As mentioned earlier this week, a new Blu Homes prefab will open for tours this weekend, September 15-16, 2012, in Joshua Tree, California. The home was built for Tim Disney with two Origin units and a separate guest unit. Each Origin unit, to give you a ballpark on the value of a home like this, starts at $135,000 in California, according to information on the Blu Homes website.
Not to be outdone by Blue Sky, itHouse, or Siegal, California-based prefab company Blu Homes has a new home that will be open this weekend in Joshua Tree. This one was finished for Tim Disney, the great-nephew of Walt Disney and a board member and investor in Blu Homes, according to the Los Angeles Times.
Speaking of the Cottage Series, here’s the first prefab home in this line by Method Homes with a design by Studio 29. Located on Orcas Island, the home was designed for a Washington family wanting a vacation getaway with some of the more traditional details — sleeping loft, breakfast nook, window seats, etc — typically found in classic homes of the 19th century.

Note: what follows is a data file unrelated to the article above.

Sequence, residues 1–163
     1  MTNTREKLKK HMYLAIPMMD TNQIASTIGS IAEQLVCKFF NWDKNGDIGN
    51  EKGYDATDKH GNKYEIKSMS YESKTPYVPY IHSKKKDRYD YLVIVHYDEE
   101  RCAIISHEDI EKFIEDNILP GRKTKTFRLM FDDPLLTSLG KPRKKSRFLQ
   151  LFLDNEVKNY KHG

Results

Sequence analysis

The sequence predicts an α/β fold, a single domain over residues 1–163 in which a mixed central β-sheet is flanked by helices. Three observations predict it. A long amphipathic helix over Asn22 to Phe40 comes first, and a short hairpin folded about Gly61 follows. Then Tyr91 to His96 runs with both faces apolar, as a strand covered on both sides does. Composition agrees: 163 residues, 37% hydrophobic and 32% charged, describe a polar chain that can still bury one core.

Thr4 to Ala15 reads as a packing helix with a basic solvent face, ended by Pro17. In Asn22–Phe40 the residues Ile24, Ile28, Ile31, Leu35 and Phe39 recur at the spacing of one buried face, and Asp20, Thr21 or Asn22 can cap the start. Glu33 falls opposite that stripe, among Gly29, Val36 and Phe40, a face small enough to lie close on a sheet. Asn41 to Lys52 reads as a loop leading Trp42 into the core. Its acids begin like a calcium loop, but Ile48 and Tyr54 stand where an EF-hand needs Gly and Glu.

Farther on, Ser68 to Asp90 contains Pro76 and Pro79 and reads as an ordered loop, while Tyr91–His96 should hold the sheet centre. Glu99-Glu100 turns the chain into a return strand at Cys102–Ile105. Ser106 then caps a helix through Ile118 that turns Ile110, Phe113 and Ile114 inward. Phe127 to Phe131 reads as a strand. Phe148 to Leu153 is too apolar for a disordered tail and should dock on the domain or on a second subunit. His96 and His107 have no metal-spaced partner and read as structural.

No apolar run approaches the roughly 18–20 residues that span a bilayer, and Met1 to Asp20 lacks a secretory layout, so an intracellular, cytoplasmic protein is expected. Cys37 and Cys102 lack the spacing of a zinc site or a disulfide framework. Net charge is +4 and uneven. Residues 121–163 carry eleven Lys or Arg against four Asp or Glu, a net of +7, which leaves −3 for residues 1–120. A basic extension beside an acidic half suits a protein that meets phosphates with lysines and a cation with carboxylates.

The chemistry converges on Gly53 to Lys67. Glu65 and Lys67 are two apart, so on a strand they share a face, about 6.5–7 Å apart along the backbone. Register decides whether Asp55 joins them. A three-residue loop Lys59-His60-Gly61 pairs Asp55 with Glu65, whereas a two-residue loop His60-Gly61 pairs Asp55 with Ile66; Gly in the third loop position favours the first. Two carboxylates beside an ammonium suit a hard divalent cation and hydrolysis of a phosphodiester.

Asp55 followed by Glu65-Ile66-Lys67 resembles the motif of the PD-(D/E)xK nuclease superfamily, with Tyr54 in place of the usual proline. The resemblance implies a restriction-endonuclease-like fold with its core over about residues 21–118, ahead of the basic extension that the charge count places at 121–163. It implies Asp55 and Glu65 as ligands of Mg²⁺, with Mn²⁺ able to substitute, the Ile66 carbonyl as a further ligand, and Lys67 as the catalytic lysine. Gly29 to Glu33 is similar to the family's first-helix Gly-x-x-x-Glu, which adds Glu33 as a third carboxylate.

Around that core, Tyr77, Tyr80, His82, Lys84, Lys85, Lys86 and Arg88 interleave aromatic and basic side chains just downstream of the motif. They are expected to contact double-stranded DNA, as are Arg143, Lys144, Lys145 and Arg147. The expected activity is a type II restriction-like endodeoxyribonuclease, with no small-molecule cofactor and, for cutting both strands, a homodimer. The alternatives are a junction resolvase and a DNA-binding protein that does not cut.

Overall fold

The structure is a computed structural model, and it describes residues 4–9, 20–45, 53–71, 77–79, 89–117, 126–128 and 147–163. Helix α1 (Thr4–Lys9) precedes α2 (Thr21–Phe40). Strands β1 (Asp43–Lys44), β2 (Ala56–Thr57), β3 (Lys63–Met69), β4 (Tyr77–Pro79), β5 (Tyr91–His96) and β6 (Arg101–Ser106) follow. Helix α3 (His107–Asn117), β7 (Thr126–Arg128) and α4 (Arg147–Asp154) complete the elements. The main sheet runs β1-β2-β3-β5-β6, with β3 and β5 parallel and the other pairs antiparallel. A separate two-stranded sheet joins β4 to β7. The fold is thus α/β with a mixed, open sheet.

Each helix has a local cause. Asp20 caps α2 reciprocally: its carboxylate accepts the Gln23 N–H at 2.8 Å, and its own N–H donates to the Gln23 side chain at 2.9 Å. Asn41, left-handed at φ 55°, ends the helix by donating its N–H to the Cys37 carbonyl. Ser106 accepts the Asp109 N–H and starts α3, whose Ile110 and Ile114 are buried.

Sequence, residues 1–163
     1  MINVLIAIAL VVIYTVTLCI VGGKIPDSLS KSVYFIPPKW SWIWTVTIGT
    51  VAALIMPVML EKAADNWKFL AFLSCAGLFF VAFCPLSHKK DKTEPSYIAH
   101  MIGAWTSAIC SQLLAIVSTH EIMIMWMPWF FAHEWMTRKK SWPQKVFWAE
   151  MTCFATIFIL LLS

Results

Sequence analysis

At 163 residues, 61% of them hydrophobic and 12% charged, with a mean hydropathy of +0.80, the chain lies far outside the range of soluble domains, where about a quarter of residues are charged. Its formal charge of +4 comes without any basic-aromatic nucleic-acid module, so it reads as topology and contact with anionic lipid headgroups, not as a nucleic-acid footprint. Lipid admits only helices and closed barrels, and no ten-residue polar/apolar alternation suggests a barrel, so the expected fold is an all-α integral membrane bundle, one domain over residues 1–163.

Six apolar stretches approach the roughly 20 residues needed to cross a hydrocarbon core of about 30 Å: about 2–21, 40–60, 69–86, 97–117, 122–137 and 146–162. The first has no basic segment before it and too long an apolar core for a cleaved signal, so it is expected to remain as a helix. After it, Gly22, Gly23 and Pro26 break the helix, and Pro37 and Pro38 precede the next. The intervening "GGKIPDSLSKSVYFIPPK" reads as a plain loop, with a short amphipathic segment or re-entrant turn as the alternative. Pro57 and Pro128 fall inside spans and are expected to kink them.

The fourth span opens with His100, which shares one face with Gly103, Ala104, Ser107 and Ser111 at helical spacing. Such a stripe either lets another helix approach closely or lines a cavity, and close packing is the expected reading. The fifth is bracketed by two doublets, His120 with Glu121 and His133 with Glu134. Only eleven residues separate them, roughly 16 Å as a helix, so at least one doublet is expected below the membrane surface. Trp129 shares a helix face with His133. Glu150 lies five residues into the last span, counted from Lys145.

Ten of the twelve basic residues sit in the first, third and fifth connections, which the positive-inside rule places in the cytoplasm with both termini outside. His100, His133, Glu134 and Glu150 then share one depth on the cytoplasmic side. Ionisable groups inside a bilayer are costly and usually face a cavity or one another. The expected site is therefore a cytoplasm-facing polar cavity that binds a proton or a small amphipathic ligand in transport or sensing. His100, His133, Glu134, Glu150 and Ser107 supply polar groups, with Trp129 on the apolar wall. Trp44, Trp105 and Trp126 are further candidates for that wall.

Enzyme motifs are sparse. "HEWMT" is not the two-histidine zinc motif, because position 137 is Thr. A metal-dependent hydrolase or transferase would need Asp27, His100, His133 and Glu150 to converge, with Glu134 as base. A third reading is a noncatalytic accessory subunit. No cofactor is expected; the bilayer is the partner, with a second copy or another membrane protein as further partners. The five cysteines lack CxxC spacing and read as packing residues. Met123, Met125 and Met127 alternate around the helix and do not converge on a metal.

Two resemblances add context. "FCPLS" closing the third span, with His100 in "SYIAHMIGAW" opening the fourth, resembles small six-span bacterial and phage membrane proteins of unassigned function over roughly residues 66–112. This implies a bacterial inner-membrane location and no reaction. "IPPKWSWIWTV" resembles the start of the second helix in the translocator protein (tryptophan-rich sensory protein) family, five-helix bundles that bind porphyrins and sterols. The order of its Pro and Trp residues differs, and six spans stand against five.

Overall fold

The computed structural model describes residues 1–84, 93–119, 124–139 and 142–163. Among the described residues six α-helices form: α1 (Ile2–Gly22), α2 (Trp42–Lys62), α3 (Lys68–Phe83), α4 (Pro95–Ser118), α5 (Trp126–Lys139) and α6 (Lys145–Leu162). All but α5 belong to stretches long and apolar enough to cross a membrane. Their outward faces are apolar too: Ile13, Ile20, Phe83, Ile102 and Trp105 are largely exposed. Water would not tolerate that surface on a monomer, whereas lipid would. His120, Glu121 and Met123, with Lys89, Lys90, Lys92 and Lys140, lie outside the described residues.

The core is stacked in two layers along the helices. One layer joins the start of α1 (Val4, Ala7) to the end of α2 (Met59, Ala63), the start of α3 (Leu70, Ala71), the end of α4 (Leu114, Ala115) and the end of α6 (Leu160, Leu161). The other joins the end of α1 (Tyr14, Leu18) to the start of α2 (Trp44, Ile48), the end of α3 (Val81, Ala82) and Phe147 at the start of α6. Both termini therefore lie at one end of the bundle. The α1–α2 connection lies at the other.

If your design palette is traditional, you’ll probably like the new Cottage Series by Studio 29 and Method Homes. The Cottage Series marries craftsman style with off-site fabrication in six floor plans. These have tiered pricing based on things like the materials, interior palette, and finish packages. For a general idea, pricing is between about $215,400 – $498,300 (not including separate, optional garage and ADU structures from $23,000).
I mentioned the Lindal Architects Collaborative in connection with the Taliesin Mod.Fab, but here’s another situation where the LAC comes into play. As background, LAC matches architects with the Lindal building system and dealer network, and architects get a new platform for their home designs through the Collaborative.
Marken Projects is working on another Passive House in British Columbia. This 3,500-square-foot home, made with a panelized prefab system like the Rainbow Duplex, will house two families and three generations under the same roof in Surrey, British Columbia. The aim is an affordable structure that uses 90% less energy for heating and cooling than a standard home. It’ll have triple-pane windows, an HRV, solar hot water, rainwater harvesting, no-VOC materials, and the ultra-efficient and airtight shell. Construction will take about five months, and I’ll provide an update with more detail at that time.